With those two words, on April 30, 1997, Ellen Morgan soared into the history books as primetime television’s first openly gay main character. More than 40 million people watched Ellen, the character, come out two weeks after Ellen DeGeneres, the person, came out in an equally big way – on the cover of Time magazine declaring simply, “Yep, I’m gay.”
Sarah Kate Ellis was one of those 40 million glued to her television on that Wednesday night in 1997. “Ellen’s coming out had a big impact on me,” Ellis, now the president and CEO of GLAAD, tells ET Canada. “It was a powerful moment to see someone like me on television and it’s no coincidence that later that year, I came out to my family.”
For DeGeneres, who was 39 years old in 1997, the decision to come out both on and off camera, while initially fraught with anxiety, was ultimately necessary. In an appearance on “The Oprah Winfrey Show”, which aired the same day as the historic episode of “Ellen”, the comedian explained. “As long as I had this secret that I worried about all the time, it made it look like something was wrong,” adding, “if I could show people that it’s okay and I have this wonderful way to do it, why not do it that way?”
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The episode of “Ellen” was officially titled “The Puppy Episode” partially to keep the storyline top secret, but also as a cheeky nod to the difficulty with which it came to be in the first place. The sitcom was in its fourth season at the time and the main character had yet to have a romantic interest. When DeGeneres and the show’s writers and producers saw this as an opportunity for her to come out as gay, a network executive suggested that the character get a puppy instead. In a special episode of her talk show on Friday celebrating the anniversary, Ellen told her audience, “I can’t explain how challenging it was to get the episode made.”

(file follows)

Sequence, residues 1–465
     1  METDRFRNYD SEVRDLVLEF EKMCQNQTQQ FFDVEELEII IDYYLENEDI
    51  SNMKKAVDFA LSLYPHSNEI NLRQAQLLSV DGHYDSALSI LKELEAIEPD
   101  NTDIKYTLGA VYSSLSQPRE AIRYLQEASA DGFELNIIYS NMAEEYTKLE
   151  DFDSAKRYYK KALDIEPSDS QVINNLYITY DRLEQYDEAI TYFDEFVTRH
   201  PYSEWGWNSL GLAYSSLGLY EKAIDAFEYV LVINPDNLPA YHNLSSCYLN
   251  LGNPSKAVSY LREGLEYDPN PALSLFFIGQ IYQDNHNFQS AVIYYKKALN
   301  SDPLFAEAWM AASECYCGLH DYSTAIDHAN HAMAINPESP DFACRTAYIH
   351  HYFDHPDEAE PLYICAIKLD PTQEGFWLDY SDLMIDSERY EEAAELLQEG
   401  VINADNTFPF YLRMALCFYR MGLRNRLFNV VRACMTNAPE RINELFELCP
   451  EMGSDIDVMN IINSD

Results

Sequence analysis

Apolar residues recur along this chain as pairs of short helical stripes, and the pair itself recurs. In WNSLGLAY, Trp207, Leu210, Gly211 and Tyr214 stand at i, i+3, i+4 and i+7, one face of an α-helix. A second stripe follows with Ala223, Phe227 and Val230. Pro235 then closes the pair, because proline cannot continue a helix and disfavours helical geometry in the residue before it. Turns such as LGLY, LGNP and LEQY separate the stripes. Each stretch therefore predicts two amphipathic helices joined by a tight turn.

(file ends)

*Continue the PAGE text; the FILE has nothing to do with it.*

“The Puppy Episode marked a major turning point for gay and lesbian representation in mainstream media,” says Memoree Joelle, editor-in-chief of AfterEllen.com, a website dedicated to the representation of lesbian and bisexual women in popular culture. “Really, Ellen herself and her ongoing success have truly paved the way for us all.”
But not everyone wanted that way to be paved at all. Advertisers like JC Penny and Chrysler refused to buy time during The Puppy Episode and the ABC affiliate in Birmingham, Alabama, refused to air the episode altogether.
Jerry Falwell, a Baptist pastor and founder of The Moral Majority publicly denounced Ellen referring to her as “Ellen Degenerate.”
And while the groundbreaking episode generated blockbuster ratings for the network, the subsequent season featuring Ellen Morgan navigating the dating world and finding her place in the gay community, quickly lost steam.
The show was even criticized for being “too gay” before it was ultimately cancelled in season five. “It’s sort of been a ‘two steps forward, one step back’ situation for us,” says Joelle. “When you do something controversial, of course there’ll be some blowback…and let’s face it, being openly lesbian on TV was not accepted back then. It just wasn’t.”